Building for the State: A World-Historical Perspective

13 Pages Posted: 24 May 2015

Date Written: May 22, 2015


Whenever governments want work to be performed for the state, they have a choice between contracting for the completion of such tasks and resorting to compulsion to get them done. While the former strategy is usually sustained by taxation of private assets and output, the latter often entails the imposition of labor services as a specific form of tax. Military conscription is merely the historically most resilient variant of what used to be a wide range of coerced labor services on behalf of the state. Throughout history, public construction projects crucially depended on states’ ability to enforce labor obligations. A global survey across Eurasia and the Pre-Columbian Americas reveals that exceptions to this practice were extremely rare. Classical Greece and the Italian heartland of the Roman world stand out for the state’s reliance on market institutions to undertake building projects, a preference that appears to link these societies to later European history and modern norms. What were the reasons for this anomaly, and what does it mean for our understanding of the early state?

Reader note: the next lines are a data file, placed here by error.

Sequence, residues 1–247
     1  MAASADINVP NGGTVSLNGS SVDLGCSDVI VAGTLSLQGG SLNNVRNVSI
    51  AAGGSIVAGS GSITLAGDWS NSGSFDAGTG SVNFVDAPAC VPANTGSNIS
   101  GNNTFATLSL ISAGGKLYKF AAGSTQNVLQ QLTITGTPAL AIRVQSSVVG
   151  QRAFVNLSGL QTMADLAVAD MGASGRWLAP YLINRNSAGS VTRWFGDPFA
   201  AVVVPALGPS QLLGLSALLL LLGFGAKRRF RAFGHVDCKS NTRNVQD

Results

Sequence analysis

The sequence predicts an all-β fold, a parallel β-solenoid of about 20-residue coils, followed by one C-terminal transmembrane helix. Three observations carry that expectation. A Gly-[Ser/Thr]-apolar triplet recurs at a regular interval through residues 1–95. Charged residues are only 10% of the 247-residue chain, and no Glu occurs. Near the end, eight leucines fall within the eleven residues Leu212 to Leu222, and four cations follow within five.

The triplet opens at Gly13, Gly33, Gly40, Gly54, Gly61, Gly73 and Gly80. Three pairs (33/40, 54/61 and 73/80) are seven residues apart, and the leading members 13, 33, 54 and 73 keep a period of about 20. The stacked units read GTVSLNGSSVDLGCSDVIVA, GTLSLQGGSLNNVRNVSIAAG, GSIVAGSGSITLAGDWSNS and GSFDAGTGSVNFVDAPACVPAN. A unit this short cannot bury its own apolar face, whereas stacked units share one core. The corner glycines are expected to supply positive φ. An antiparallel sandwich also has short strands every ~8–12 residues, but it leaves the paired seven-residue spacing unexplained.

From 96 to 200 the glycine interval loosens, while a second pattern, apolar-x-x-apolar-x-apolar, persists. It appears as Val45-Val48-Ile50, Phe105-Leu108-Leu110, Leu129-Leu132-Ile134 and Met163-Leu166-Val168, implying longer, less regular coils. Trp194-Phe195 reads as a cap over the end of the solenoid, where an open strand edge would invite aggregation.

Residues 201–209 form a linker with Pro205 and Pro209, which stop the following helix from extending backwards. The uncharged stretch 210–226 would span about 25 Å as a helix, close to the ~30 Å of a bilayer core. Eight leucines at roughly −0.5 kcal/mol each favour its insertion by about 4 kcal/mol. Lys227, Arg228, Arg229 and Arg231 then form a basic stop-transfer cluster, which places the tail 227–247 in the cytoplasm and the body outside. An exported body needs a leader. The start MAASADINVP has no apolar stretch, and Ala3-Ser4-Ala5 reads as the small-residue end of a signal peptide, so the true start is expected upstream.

Keywords: Labor history, Public building, Forced labor, Free labor

JEL Classification: N30, N60

Suggested Citation

Scheidel, Walter, Building for the State: A World-Historical Perspective (May 22, 2015). Princeton/Stanford Working Papers in Classics Paper, Available at SSRN: or

Walter Scheidel (Contact Author)

Stanford University ( email )

Stanford, CA 94305-2145
United States

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